Oh Why!

Learning about computers is long, arduous and, often, not very rewarding. There was an old saying ‘RTFM’ – which was a polite way of suggesting one reads the instructions before asking questions. I cannot code – and have little wish to learn – but I did not want to be wholly ruled by machines other people had designed. It was as if I were being forced to think along someone else’s rules. The double hash in internet addresses for example, was just something the original writer thought up, it has no other value.

So I read and learned how to install an OS, how to modify it to better suit my character, how to plug the holes in Windows and secure what I could. I even learned  a little about web design and all-in-all found out after ten years I didn’t know anything.

But many of my friends know even less so they ask me to sort out their problems. Let me tell you, in our civilised world, nothing is more daunting or boring than sitting in front of someone else’s computer and sorting out a problem they could sort out but for the fact they won’t RTFM. You forget everything you know. You worry about destroying their data. And quietly you wish the computer would just die and leave you alone.

The Dead Hard Drive

Every age brings with it, its own vocabulary. From the new inventions to the ‘lingo’ of the youth the forms have been different but the character has been the same. When tea was first introduced it created tea houses which became haunts of the intellectuals, artists and working men depending on where they were, and gave England the closest it has ever come to the café life of the French.

During wars whole new songs, new weapons and terrible battles enter the language and as each generation grows so the language mutates and some of the words stay, many leave. But you can create an entire society by recalling its language. Something beloved of script writers because the language gives them the erroneous right to say their work is ‘authentic’.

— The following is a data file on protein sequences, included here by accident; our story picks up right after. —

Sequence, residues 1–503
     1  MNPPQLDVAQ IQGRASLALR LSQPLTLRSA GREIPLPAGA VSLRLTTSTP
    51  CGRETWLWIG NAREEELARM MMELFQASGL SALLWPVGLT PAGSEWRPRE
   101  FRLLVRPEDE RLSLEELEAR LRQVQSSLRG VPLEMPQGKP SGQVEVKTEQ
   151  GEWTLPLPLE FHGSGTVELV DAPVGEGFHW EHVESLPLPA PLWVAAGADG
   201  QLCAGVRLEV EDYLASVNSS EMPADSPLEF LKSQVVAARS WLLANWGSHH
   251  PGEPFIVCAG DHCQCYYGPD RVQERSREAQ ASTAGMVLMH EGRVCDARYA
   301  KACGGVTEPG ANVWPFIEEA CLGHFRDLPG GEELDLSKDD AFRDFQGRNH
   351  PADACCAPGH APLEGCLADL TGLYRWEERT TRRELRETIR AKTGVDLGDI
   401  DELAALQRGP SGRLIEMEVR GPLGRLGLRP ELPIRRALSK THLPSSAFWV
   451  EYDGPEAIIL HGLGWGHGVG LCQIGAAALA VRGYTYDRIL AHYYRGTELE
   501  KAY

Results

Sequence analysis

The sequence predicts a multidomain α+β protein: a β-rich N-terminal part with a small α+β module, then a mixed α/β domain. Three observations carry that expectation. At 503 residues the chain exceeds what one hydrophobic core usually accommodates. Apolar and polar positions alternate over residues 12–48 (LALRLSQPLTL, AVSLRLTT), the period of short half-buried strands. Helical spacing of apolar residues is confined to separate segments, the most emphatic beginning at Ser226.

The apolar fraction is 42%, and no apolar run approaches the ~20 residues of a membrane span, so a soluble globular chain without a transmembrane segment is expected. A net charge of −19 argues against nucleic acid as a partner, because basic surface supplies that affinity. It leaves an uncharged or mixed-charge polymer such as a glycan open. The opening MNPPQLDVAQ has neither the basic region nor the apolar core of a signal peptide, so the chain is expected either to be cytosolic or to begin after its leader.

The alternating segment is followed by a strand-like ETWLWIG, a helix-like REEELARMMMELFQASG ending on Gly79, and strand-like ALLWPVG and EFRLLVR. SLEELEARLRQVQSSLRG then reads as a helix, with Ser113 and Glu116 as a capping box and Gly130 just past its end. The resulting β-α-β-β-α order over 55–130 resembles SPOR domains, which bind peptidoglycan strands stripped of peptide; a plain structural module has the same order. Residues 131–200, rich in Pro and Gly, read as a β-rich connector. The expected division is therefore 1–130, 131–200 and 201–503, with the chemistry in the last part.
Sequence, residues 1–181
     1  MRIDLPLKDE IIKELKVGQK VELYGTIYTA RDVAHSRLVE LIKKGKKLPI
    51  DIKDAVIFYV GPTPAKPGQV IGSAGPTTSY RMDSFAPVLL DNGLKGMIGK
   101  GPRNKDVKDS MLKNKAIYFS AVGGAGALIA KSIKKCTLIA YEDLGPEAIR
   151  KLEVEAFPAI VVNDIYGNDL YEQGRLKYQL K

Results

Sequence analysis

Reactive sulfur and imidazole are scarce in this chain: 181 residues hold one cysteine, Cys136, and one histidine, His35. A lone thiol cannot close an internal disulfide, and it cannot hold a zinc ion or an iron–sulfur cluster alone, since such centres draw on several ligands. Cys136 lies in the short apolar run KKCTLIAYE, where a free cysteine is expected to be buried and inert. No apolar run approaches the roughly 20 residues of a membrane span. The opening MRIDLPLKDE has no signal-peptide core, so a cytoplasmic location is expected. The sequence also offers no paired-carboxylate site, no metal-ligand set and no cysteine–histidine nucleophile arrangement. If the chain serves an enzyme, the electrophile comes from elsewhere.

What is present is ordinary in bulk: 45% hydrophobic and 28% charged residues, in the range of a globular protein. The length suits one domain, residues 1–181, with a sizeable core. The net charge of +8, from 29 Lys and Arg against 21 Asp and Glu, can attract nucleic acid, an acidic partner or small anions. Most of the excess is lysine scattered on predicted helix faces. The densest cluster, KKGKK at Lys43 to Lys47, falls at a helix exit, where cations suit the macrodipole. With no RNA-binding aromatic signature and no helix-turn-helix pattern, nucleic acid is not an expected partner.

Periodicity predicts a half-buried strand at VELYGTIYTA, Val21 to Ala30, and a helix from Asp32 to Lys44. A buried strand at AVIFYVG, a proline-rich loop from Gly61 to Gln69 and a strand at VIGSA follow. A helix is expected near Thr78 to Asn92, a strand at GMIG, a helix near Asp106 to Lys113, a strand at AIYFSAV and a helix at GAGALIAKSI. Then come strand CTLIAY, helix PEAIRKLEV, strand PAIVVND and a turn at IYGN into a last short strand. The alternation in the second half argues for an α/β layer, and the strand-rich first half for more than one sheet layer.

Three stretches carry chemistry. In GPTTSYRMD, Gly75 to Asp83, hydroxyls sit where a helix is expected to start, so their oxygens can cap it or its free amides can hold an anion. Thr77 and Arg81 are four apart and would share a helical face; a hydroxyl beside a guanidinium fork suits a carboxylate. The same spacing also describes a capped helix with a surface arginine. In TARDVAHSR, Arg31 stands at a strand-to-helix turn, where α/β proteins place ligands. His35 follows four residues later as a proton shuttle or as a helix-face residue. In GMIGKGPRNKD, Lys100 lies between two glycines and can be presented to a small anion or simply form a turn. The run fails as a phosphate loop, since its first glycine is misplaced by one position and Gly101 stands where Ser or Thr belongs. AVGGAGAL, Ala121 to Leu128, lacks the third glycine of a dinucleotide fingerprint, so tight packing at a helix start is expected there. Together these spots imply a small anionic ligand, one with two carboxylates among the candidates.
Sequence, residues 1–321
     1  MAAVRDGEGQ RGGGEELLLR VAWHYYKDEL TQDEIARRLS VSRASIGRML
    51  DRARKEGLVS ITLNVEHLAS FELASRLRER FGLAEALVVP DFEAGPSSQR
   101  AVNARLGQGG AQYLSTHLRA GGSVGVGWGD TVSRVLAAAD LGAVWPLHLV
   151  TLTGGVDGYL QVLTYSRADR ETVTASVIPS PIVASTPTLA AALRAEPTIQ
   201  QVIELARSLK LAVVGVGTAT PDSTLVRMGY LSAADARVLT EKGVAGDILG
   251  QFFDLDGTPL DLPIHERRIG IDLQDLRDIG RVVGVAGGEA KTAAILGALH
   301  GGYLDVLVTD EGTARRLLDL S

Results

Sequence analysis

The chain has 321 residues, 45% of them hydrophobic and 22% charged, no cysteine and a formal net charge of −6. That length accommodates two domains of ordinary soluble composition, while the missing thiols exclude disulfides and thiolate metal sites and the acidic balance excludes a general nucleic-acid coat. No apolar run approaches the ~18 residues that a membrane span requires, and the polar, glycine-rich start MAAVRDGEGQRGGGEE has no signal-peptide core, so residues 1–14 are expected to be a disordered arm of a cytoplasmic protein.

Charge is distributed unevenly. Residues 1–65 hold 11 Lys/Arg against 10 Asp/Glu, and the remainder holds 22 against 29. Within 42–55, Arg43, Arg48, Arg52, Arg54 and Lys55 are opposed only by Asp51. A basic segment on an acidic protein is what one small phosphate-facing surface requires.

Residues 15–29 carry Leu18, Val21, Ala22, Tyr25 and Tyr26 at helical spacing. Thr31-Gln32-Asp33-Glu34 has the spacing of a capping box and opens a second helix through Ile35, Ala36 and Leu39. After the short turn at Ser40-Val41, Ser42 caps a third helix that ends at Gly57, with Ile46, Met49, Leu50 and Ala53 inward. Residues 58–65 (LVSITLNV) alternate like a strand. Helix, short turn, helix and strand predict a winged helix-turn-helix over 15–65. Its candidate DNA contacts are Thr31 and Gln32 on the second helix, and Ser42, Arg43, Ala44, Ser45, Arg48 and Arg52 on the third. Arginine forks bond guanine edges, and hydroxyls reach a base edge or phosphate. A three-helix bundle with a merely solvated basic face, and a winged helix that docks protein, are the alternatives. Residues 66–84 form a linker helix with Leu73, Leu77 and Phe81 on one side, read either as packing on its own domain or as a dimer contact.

The computer age is no different though it is fun to see the common words of typesetting and printing become mainstream and almost everyone now knows to what leading, kerning and fonts refer. But also we now have a new use for virus and a new bug bear. The lost data. The dead piece of electronics that happens to contain so much of our lives and all of our precious memories, along with irreplaceable internet jokes.

I have just recovered the data for a friend from one such drive. It’s a little like coaxing a fire from damp paper and of course so evocative of the beginning of the end of the twentieth and beginning of twenty first centuries.

There’s Always Something

I am formatting, upgrading and installing an OS on my friend’s computer which has lain idle for a few years and no matter how well I planned in advance, there is always something that stops the whole process being a smooth one. Whether it is compatibility issues or DLLs that don’t quite work with the processor and need a ‘fix’, each segment of the procedure needs me to think around a problem. It doesn’t help me to wonder when all this will become standardized or when hardware and software will truly be universally interchangeable if at all, but it does lead me to reflect that in our creations we have followed the path of nature.